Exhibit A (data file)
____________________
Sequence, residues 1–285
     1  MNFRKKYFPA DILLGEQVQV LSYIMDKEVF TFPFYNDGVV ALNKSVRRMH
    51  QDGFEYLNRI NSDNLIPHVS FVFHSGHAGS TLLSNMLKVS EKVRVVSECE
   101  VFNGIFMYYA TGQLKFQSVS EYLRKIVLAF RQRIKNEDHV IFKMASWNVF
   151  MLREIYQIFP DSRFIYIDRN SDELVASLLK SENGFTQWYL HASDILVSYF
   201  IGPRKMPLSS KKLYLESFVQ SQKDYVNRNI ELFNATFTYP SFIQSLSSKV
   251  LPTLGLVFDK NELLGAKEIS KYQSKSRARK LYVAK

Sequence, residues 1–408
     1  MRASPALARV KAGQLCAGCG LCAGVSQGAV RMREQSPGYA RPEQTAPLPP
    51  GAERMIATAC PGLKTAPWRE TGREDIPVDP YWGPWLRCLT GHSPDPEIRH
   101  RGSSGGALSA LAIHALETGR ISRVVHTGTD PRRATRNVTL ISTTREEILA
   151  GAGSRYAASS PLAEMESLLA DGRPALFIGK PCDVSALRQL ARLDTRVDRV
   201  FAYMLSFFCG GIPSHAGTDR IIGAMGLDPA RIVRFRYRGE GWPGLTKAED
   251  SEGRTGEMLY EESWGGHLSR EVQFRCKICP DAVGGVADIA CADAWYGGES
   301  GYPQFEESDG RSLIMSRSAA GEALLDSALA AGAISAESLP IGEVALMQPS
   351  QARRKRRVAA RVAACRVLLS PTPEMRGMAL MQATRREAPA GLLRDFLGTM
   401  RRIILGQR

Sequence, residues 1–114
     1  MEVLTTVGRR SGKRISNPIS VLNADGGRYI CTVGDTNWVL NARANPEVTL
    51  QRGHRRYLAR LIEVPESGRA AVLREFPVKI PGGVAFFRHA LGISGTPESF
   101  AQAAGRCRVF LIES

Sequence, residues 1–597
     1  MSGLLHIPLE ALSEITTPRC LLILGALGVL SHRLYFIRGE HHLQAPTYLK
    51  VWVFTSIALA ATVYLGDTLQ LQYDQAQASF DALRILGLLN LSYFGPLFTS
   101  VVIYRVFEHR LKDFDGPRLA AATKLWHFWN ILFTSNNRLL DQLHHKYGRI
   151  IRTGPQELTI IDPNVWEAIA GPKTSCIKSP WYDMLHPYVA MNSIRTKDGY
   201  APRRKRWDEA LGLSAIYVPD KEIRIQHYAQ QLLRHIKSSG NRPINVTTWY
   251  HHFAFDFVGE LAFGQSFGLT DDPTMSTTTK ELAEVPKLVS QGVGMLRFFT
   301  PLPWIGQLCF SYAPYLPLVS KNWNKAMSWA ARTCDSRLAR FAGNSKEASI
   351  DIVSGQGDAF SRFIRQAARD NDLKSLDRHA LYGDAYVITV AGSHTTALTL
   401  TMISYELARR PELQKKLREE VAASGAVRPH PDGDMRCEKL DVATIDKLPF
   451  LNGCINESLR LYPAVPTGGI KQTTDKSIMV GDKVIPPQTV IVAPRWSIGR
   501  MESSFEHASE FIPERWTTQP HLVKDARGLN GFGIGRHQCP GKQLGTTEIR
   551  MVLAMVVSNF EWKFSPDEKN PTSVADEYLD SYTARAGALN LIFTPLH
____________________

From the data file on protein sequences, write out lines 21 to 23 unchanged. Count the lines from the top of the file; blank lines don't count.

   101  AQAAGRCRVF LIES

Sequence, residues 1–597
     1  MSGLLHIPLE ALSEITTPRC LLILGALGVL SHRLYFIRGE HHLQAPTYLK